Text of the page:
3:10 TO YUMA
November 27, 2007, at Movies 10 in Plano, Texas
I have always been a fan of Russell Crowe. He is, like Colin Farrell, unapologetically himself all the time — what you see is what you get, like it or not — and I appreciate that in a person. That Crowe has the talent to back up his enormous personality only serves to elevate my affection. Christian Bale is a new interest of mine, an actor I’ve always appreciated but in whom I never took much interest. It wasn’t until the last couple of years, in fact, that he surfaced on my radar; his work in The Prestige, A New World, and (of course) Batman Begins, has placed him squarely before me as a person of interest. Thus, when 3:10 to Yuma was released, I had no question about whether it was worth my time.
The movie did not disappoint. The actors were so engulfed by their characters that I was never aware of the actors themselves. This is what I enjoy about Bale, that he is never Christian Bale but always the character. In Yuma, Crowe managed this feat, as well. Not all actors can accomplish this, and very few who have reached the level of celebrity that Crowe enjoys, but in this film both (in fact, all of the actors involved) were able to retreat fully into character and make me forget who I was watching and instead take the ride with them. [Peter Fonda plays a Pinkerton bounty hunter, and he was so consumed by character that I had to actually wait for the closing credits to know who he was, despite trying to determine it by his appearance throughout the entire film. What a treat for me!]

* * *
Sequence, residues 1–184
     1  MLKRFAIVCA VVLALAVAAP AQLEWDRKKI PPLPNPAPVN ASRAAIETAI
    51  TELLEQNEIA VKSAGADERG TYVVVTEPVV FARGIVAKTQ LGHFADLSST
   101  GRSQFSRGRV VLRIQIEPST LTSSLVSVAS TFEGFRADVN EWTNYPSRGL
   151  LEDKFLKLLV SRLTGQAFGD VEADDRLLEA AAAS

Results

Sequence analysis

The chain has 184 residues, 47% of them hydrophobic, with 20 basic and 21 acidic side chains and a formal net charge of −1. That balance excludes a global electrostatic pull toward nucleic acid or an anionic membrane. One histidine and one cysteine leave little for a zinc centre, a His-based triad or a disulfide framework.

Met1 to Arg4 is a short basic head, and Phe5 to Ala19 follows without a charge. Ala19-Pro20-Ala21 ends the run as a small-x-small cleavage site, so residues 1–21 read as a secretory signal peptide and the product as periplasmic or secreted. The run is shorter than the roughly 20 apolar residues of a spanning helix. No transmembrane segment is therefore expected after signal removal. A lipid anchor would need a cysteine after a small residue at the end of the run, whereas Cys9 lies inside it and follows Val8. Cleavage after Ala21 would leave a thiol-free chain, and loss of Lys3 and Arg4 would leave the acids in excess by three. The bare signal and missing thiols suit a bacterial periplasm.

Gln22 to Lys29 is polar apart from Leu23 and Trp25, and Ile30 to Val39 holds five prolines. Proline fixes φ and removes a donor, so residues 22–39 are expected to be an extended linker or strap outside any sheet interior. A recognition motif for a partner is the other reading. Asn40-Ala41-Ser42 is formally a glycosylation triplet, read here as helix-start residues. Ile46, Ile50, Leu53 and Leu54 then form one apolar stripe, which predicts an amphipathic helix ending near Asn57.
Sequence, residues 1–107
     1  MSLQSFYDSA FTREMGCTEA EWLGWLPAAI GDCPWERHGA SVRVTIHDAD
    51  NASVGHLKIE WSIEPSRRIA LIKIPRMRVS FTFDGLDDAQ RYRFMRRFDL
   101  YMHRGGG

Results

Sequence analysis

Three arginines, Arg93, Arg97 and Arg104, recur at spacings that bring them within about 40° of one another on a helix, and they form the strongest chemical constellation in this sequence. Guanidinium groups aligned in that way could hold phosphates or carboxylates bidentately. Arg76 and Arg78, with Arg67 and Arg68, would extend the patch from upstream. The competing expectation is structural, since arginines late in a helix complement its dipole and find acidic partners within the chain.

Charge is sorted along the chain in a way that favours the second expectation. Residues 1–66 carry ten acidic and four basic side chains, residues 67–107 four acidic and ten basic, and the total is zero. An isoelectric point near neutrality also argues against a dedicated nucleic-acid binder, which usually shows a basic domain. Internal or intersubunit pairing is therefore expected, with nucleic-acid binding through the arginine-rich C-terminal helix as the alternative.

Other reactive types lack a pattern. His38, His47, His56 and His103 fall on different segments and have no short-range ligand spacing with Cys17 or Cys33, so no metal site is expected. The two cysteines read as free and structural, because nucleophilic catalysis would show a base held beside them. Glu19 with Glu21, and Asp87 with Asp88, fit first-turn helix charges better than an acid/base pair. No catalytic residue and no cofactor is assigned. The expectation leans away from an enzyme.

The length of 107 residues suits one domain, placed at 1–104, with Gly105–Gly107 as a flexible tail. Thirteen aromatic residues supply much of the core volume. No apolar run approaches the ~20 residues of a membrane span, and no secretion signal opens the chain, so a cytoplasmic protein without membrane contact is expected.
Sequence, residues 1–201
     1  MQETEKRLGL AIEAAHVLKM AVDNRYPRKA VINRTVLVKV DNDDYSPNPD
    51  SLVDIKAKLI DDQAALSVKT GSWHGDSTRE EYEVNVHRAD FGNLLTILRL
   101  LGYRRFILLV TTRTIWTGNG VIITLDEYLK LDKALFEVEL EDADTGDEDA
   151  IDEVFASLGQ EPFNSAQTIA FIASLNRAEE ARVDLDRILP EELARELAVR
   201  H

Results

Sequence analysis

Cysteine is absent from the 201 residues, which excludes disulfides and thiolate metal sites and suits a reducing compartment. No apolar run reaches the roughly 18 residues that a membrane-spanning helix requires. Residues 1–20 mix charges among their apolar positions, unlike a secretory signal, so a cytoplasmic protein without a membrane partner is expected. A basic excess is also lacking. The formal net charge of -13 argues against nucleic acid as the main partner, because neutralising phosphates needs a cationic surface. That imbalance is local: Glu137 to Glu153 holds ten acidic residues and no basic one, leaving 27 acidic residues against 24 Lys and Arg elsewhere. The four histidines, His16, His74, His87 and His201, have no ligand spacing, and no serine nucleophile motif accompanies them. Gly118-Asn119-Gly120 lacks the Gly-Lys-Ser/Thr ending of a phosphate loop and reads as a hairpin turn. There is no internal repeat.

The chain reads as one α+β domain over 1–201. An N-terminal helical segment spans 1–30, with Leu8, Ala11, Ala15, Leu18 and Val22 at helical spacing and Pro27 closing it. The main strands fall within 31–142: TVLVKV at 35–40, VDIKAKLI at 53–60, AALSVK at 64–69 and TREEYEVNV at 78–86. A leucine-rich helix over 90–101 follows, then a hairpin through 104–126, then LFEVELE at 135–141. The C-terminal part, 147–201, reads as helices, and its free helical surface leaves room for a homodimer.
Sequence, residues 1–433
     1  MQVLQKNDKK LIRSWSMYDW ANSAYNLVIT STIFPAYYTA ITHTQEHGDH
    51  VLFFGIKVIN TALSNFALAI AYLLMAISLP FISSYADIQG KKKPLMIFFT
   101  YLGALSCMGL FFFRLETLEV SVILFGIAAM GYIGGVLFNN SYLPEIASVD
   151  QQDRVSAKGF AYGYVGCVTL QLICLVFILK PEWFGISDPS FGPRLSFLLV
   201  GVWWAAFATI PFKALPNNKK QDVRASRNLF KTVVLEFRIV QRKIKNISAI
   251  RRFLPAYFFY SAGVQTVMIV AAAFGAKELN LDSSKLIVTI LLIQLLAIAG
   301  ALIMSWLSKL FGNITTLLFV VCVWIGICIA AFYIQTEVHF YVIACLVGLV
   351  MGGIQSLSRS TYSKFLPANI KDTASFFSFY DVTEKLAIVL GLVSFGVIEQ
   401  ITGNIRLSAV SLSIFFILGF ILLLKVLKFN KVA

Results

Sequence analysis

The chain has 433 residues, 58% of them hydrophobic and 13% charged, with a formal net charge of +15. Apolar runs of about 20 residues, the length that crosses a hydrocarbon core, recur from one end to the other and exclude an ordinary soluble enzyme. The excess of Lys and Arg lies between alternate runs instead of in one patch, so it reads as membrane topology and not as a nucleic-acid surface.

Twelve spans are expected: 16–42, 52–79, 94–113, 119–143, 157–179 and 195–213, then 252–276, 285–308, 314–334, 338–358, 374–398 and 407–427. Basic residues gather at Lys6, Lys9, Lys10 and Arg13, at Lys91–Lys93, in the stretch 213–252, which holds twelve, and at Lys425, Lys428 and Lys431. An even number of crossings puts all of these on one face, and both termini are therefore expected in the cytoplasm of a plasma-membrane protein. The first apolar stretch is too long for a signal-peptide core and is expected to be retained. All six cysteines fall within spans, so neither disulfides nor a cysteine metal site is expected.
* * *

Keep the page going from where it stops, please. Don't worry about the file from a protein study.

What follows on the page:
All of the critics have commented that 3:10 to Yuma is a film in the standard of the original westerns, so I was fully prepared for this aspect of the film. It is absolutely true; everything we love about the old westerns by John Ford and his contemporaries is present in this retelling, from the staging to the characterizations, from the sweeping cinematography to the subtle, distinct music that provides both backdrop and dramatic pacing. It has been a long time coming, this return to form, and I welcome more films of the genre if they are done half as well as this one. I’ve yet to see the original version of Yuma, but this film makes me interested enough to search it out.
While much credit must be given to the director, it is the actors who retained my attention and engaged me throughout the story. Crowe is a perfect blend of outlaw and gentleman (so often the case with the best western writing), and Bale is truly astounding in his ability to adapt the dialect and drawl of his character’s speech. (I am always amazed at this Brit’s ability to do this.) 3:10 to Yuma is a treat in every way, and a compelling drama that could easily have been set in any genre. But having it be a western makes it an instant classic.
image from Rotten Tomatoes